• Create BookmarkCreate Bookmark
  • Create Note or TagCreate Note or Tag
  • PrintPrint
Share this Page URL
Help

Paths and Vector Art

Illustrator is a vector art program. While it allows you to do some rather advanced work with raster images and rasterized artwork, it is at heart a vector art program. (The difference between vector and raster is addressed later in the sidebar called “Vector and Raster,” as well as in Chapter 18, “Raster Images and Rasterized Artwork.”)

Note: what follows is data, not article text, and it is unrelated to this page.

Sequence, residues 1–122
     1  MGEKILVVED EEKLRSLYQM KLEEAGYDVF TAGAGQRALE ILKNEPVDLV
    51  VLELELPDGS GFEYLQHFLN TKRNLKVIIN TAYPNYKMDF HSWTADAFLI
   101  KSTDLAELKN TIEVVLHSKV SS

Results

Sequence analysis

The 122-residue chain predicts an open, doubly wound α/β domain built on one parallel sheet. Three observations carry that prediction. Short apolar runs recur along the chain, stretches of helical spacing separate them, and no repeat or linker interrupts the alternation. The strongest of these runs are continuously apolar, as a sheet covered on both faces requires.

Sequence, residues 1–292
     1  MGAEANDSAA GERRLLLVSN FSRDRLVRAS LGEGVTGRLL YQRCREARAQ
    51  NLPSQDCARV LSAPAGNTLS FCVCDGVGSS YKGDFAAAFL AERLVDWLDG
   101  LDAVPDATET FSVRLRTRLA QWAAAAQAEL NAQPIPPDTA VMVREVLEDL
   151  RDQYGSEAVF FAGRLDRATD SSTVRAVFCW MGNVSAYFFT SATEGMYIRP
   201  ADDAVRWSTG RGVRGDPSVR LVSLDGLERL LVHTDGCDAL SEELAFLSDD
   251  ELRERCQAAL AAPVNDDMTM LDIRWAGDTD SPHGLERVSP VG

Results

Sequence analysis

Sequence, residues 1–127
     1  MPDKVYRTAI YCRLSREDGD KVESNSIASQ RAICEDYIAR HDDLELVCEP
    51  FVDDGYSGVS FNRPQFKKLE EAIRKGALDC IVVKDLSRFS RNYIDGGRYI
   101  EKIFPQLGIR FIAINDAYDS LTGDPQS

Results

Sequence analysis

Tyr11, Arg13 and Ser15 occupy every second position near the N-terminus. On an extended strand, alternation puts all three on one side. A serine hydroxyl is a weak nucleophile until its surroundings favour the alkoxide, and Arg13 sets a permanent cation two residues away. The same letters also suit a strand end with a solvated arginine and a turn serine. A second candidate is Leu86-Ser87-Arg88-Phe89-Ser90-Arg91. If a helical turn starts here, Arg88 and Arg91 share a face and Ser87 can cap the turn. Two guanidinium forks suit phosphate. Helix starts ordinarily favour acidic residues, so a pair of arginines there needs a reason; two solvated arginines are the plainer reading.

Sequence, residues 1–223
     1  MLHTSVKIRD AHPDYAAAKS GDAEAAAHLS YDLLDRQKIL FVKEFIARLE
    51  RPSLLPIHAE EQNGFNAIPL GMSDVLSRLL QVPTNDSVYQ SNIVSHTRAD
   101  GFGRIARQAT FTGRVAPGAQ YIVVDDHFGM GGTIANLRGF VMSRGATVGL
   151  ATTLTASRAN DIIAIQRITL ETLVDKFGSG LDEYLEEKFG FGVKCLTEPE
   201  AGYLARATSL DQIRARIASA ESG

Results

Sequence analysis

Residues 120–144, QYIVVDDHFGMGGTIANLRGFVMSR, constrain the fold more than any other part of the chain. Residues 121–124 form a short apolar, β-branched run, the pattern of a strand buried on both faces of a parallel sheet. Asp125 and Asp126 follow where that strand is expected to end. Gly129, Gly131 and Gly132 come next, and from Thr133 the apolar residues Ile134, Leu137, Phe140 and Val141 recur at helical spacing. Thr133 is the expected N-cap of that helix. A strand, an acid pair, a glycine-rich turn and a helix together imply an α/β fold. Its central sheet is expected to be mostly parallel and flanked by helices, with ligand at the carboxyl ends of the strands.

Vector art is based on the concept of paths. Each item is a path, and the path is stroked and/or filled to produce artwork. Without the path, there’s nothing to stroke or fill, so the artwork cannot appear on the page. Likewise, without a stroke or fill, the path may be there, but it is invisible. (Invisible paths are used in Illustrator. They are discussed later in this chapter.) The path defines the basic shape of an object, while the stroke and fill (and other characteristics) determine the appearance of the object.


PREVIEW

                                                                          

Not a subscriber?

Start A Free Trial


  
  • Creative Edge
  • Create BookmarkCreate Bookmark
  • Create Note or TagCreate Note or Tag
  • PrintPrint